The FMLA is supposed to protect employees from losing their jobs when they can’t work due to a serious health condition. Minor maladies such as colds, headaches and body aches usually aren’t enough to merit protected leave. That’s true even if the employee goes to a doctor and gets a prescription, unless the health care provider also tells the worker to return within 30 days for a follow up or otherwise actively monitors the illness.
Target, the country’s third largest retailer, has announced it will cut 1,400 jobs from its Twin Cities’ headquarters. Falling sales, losses from an unsuccessful expansion into Canada and last year’s massive data breach have been cited as reasons for the downsizing.
Be sure your job announcements list minimum qualifications applicants must have. That way, if someone who lacks the right background sues, the case can quickly be dismissed.
Employees who are forced to work under conditions that leave them little choice but to quit can still sue, alleging they were constructively discharged. You can prevent those suits by transferring the employee who says he is being harassed to another equivalent job.
Government workers have more protections than other employees when it comes to termination. For example, if a public employee is falsely charged with some form of misconduct, she may have a lawsuit. By all means, resist the temptation to make an example out of the fired employee.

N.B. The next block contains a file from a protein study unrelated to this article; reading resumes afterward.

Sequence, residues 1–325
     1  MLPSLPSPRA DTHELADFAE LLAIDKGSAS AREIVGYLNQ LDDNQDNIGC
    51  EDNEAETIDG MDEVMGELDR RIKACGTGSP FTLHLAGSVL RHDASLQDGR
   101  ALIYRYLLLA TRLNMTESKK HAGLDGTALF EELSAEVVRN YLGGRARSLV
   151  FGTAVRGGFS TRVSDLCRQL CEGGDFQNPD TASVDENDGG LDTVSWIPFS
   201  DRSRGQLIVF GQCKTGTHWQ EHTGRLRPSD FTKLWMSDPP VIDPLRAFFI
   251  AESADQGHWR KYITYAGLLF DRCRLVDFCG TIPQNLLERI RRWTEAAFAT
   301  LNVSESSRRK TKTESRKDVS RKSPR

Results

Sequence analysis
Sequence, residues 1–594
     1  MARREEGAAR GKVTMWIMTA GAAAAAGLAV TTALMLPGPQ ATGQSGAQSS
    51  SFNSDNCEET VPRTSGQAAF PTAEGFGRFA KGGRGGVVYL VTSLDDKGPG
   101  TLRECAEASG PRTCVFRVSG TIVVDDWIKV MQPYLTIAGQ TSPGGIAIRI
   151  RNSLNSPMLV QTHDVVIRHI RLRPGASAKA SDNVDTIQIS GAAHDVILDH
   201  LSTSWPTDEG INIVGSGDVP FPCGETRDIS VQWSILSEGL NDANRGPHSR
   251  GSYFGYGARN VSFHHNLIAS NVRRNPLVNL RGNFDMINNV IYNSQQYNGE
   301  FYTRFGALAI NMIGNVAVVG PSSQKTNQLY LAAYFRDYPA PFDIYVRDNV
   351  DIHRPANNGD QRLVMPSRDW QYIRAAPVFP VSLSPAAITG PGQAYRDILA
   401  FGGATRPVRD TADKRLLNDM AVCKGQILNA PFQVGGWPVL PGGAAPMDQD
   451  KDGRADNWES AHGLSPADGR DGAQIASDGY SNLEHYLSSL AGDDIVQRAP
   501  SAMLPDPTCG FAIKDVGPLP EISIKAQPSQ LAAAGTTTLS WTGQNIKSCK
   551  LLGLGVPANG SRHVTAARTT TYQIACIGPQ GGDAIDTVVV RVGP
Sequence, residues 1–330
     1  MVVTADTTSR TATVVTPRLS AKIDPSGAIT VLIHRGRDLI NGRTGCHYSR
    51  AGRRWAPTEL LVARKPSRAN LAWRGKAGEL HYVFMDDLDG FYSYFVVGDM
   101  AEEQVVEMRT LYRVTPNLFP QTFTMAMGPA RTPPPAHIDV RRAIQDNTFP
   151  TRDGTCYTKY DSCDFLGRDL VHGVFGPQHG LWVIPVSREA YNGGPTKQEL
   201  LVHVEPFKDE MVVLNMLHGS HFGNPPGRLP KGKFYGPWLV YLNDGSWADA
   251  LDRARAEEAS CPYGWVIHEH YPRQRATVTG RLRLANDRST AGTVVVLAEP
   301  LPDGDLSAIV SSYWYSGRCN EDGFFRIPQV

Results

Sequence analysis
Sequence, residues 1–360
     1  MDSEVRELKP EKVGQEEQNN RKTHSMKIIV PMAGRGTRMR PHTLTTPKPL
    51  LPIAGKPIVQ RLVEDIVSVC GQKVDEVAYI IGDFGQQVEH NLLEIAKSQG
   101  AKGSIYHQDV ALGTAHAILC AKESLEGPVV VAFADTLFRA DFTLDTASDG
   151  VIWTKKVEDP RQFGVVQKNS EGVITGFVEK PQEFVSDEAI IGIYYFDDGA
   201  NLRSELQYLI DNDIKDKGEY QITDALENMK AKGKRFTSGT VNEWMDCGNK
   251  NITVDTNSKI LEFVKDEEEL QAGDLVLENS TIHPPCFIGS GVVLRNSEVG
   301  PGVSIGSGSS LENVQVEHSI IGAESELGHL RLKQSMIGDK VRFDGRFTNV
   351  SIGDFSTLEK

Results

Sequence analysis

Before rejecting a disabled employee’s request for additional time off as a reasonable accommodation, consider whether the time would allow the employee to return. If not, you probably won’t have to provide the additional leave.
Remind supervisors that when it comes to age discrimination, what they say matters. They should never comment directly on age, and should avoid references to “generational differences” or anything else that might be construed as code for age discrimination.
A supervisor’s single threat leading to a salary deduction could cost your company millions.
In April 2012, the EEOC issued comprehensive guidance addressing the use of an applicants’ criminal history in hiring, which it further clarified in March 2014. The guidance offers details and hypotheticals regarding situations when excluding an applicant based on his or her arrest or conviction record could constitute discrimination based on race or national origin in violation of Title VII.
You probably receive at least occasional requests from current and former employees to view or receive a copy of their personnel file. This sounds like a straightforward request. But must an employer produce all documents in the employee’s “file?” Must information that may not be in an employee’s file be produced?